Supers are merging – what will it mean for you?


Since the second half of 2019, industry super funds have begun to merge their organisations in an effort to combat APRA’s growing potential in taking action against trustees of underperforming funds. While supers are assuring their members that funds are only merging for their best interest, what exactly will the merging of your super fund mean for you?

Supers which are considering merging with their peers are typically only forming partnerships with companies with similar levels of funds under their management. This generally means that there will be no big changes concerning fees or interest rates made to all members despite the merge. The only changes will come with the transferring of certain super accounts and minimal changes in super services, simply due to the fact that one of the two super funds will become the parent company over the other.

In most cases of supers merging, members of one of the two super funds will have their accounts transferred to the other, just for coherence purposes. While the transferring of your super account may seem like a stressful process, the two companies will take into account your existing super options and preferences and will apply similar options to your new super account under the partnered company.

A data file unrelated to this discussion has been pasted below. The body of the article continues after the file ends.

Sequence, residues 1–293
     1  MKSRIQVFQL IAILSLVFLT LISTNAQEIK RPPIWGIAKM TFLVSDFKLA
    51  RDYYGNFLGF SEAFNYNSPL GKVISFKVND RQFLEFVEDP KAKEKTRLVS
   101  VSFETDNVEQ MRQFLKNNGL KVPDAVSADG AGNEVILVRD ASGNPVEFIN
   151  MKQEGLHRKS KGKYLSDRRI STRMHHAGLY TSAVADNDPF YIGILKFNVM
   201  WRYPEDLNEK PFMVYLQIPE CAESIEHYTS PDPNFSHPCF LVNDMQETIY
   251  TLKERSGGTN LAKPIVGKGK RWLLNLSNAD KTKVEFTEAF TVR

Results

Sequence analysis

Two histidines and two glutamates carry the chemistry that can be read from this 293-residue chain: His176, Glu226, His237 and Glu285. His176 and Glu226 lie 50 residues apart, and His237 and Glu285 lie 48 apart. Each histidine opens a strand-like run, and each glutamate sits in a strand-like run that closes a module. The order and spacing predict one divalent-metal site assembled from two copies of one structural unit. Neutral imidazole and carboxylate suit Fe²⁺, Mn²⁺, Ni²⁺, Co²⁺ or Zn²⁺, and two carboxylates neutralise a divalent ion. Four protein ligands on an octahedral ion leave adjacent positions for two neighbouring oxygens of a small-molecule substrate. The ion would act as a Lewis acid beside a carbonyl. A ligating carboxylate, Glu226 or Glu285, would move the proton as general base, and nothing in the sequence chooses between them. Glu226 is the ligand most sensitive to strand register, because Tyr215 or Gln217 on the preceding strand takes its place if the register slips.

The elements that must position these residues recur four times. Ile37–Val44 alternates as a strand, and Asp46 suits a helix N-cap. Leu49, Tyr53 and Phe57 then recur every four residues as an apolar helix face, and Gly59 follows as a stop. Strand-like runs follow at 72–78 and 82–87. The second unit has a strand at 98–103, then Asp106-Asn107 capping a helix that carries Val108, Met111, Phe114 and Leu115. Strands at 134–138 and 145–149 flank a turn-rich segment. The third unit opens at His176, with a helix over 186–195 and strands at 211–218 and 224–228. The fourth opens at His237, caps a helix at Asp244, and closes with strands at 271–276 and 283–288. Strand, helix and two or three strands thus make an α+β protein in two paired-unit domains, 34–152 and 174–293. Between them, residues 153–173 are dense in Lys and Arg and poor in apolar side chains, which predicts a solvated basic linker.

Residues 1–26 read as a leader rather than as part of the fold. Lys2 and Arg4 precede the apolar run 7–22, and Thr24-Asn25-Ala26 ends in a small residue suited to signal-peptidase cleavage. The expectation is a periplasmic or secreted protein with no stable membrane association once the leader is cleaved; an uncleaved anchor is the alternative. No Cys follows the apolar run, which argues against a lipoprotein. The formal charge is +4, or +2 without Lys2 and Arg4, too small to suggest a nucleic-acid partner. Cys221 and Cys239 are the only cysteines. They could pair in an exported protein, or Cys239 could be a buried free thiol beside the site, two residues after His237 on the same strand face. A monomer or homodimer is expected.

Super members who will have their accounts transferred will also be issued with a guide to the merger, detailing any impacted services and identifying any necessary actions that may be needed before the merge and after it as well. No guides will be given to super members whose accounts will remain under their original fund unless explicitly requested for.

In the case that your super is merging with more than one other super fund, things won’t get much more complicated either. Super funds are generally looking to merge with others which have members from the same industry (e.g. hospitality workers, the general public, corporate workers, etc.) and have similar services so that your transfer will be kept simple and easy. Owning a super account in a larger super fund (due to merging procedures) will also see security benefits, as the chances of your super fund losing out in profits or being targeted by APRA regulations on smaller super companies dramatically decrease.

Overall, if your super were to merge with another, there is no need to stress, as your super fund will most likely merge with others that already have similar interests and account transfers have already been proven to be quite a simple process.

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